Manchester Royal Infirmary

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Manchester Royal Infirmary
Manchester University NHS Foundation Trust
Manchester Royal Infirmary, 1957.jpg
MRI's main building in 1957
Manchester Royal Infirmary is located in Greater Manchester
Manchester Royal Infirmary
Shown in Greater Manchester
Geography
LocationChorlton on Medlock, Manchester, North West England, United Kingdom, England
Organisation
Care systemNHS
Hospital typeTeaching
Affiliated universityManchester Medical School
Services
Emergency departmentYes Major Trauma Centre
Beds750 or more[1][2]
History
Founded1752
Links
Websitehttps://mft.nhs.uk
ListsHospitals in England

Manchester Royal Infirmary is a hospital in Manchester, England, founded by Charles White in 1752. It is now part of Manchester University NHS Foundation Trust, sharing buildings and facilities with several other hospitals.

Beginning[edit]

The first premises was a house in Garden Street, off Withy Grove, Manchester, which were opened on Monday 27 July 1752, financed by subscriptions. Government of the institution was in the hands of the trustees. Any subscriber who paid 2 guineas a year was a trustee. Those who donated 20 guineas became a trustee for life.[3] The trustees appointed physicians and surgeons by voting. In 1835 900 trustees assembled to vote in the town hall. Joseph Jordan was elected, having secured 466 votes.[4]

There were initially three physicians and three surgeons, Charles White being one. White co-founded the Infirmary with local industrialist Joseph Bancroft in 1752, and was an honorary surgeon there until 1790.[5] One patient, John Boardman, suffering from Scrofula was treated. The first inpatient was admitted on 3 August, Benjamin Dooley, aged 12, suffering from "sordid ulcers in the leg" In 1753 it was decided to purchase surgical instruments and to establish a dispensary.[6]

New Infirmary[edit]

Opening of the new hospital[edit]

A model of the former premises in the present-day Piccadilly Gardens
Manchester Royal Infirmary (a 19th-century engraving)

It was decided to build a new hospital in 1753 on land leased from Sir Oswald Mosley, lord of the manor, who granted a 999-year lease at an annual rent of £6. The site had previously been called the Daub Holes: these pits, 615 feet long, had filled with water and they were replaced by a fine ornamental pond.[7]

The new premises had space for eighty beds and were on Lever's Row in the area now known as Piccadilly Gardens (the gardens were only created after the demolition of the former MRI buildings in 1914). The new building was opened on 9 June 1755. It had three stories and cellars. The first student, John Daniel, was taken on as an apprentice to the apothecary. By 1756 it was already necessary to add a new wing to the north to house a laundry and wash house. In 1764 there were 85 inpatients. Patients sometimes shared a bed. [8]

Manchester Lunatic Asylum[edit]

The building of the Manchester Lunatic Asylum on the same site as the main hospital was completed in 1765. In 1849 it was removed to Cheadle, Cheshire.[9]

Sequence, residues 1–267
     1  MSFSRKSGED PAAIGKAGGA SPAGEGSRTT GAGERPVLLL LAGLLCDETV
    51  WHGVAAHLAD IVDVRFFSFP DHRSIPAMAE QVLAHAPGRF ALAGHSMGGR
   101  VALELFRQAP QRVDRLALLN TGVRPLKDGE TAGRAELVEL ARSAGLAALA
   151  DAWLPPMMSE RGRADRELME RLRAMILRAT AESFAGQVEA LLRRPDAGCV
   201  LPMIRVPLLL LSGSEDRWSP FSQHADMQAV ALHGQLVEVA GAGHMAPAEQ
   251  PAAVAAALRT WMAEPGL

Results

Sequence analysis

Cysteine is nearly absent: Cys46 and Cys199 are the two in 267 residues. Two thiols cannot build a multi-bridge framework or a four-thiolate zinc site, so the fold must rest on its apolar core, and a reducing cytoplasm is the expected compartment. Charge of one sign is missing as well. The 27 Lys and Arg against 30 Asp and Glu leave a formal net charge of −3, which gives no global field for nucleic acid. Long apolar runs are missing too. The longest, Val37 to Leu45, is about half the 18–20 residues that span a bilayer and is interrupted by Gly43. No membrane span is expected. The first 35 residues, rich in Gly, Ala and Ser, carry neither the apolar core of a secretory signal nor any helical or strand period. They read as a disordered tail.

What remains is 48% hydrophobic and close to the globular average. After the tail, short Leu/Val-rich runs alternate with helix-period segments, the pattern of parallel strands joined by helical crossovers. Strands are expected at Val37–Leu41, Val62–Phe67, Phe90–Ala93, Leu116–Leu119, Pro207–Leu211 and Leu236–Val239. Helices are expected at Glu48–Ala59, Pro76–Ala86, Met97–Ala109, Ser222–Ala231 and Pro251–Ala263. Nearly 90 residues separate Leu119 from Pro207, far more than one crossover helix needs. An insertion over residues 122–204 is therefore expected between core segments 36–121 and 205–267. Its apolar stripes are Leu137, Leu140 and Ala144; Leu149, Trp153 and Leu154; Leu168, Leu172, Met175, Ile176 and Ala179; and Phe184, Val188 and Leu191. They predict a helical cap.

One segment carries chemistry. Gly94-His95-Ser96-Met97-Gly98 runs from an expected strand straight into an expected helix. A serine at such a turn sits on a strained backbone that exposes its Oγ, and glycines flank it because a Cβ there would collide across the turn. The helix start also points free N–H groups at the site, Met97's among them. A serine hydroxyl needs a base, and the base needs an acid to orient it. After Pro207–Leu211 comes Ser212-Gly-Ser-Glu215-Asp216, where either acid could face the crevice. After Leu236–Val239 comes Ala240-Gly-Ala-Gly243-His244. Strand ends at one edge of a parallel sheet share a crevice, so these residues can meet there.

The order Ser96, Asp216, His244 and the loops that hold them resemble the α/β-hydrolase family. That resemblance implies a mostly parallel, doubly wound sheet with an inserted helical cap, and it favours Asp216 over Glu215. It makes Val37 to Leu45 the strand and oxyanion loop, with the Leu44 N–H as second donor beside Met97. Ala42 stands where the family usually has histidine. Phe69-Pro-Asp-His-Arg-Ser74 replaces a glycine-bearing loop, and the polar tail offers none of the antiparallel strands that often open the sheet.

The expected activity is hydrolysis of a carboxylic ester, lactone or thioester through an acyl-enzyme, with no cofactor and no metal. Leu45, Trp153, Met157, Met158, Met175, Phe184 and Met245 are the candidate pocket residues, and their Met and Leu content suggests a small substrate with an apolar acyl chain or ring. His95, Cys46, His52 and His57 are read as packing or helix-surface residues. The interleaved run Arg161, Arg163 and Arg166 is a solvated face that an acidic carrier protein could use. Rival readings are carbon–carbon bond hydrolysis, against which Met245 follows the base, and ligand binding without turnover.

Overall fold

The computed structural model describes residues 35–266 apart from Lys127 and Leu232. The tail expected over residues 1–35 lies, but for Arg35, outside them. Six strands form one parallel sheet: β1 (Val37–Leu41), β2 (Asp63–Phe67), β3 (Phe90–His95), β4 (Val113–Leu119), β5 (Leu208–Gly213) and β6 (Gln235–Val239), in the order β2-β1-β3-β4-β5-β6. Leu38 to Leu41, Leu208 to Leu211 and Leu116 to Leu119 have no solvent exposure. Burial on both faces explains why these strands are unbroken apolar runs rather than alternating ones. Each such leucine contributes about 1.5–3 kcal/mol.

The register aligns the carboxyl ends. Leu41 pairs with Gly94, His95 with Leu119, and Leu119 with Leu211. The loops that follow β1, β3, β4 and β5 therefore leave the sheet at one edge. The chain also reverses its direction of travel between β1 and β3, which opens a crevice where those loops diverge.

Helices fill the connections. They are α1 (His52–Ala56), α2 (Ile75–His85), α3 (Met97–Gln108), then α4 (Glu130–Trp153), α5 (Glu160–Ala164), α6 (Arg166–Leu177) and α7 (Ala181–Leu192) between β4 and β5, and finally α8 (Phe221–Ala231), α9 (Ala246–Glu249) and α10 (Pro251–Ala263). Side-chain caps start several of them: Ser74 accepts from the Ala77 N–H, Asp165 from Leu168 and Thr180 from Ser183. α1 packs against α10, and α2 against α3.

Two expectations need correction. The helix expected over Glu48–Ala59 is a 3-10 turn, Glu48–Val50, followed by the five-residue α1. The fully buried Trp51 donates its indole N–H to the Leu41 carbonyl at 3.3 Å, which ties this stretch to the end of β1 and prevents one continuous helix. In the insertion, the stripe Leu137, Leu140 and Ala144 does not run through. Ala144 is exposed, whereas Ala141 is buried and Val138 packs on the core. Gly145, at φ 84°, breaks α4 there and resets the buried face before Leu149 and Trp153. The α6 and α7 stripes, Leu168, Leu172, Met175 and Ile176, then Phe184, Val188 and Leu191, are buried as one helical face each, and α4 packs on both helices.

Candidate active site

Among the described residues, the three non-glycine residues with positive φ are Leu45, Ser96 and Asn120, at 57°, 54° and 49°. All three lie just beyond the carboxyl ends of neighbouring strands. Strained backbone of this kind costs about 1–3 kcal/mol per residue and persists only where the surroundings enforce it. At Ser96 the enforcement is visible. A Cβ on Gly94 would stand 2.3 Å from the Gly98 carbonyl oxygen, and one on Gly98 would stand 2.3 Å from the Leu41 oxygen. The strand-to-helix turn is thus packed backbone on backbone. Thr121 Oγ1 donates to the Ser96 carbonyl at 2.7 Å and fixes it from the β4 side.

Public baths[edit]

In 1779 public baths were built on the site. Cold baths were 6d (2½p), a Buxton bath 1/- (5p), a warm bath 1/-, and a vapour bath or use of the seating room 5/- (25p). Prices were doubled on Sunday. It was also possible to pay an annual fee. The baths were very popular and profitable. People with venereal disease were not allowed in the Buxton Baths, which were heated to 92 °F (33 °C). and held 3,400 gallons. The Matlock Bath held 6,200 and was heated to 92 degrees. F. William and Ann Howarth were appointed to run the baths in 1799, and they were subsequently known as Howarth's Baths. A steam engine was installed for pumping and heating water for the baths and the hospital. During 1808 4,654 baths were taken by the public – not counting those taken by anyone belonging to the infirmary. In 1813 the waterworks company agreed to supply water to the baths and hospital free of charge. In 1836 the bathman was paid £160, and an additional allowance for washing towels. The average annual profit was £95. In 1845 it was decided to close the baths.[10]

18th-century development[edit]

A scheme for inoculating poor people for smallpox was started in 1784. They were attended, when necessary, in their own homes, as were people with contagious diseases. Jenner's scheme of vaccination was enthusiastically adopted in 1800, and 1,000 people were vaccinated in six months. In 1790 two physicians were appointed to deal with home visits. A new building for out patients and the dispensary was completed and the hospital was officially titled "The Infirmary, Dispensary, Lunatic Hospital and Asylum in Manchester". There were now six physicians and six surgeons. A library was established in the Infirmary in 1791. Dr John Ferriar, one of the physicians, helped to set up a Board of Health which rented 4 houses in Portland Street belonging to the Lunatic Asylum for use as a fever hospital. It was called the House of Recovery and patients from the rest of the infirmary were moved there if they had infectious diseases.[11]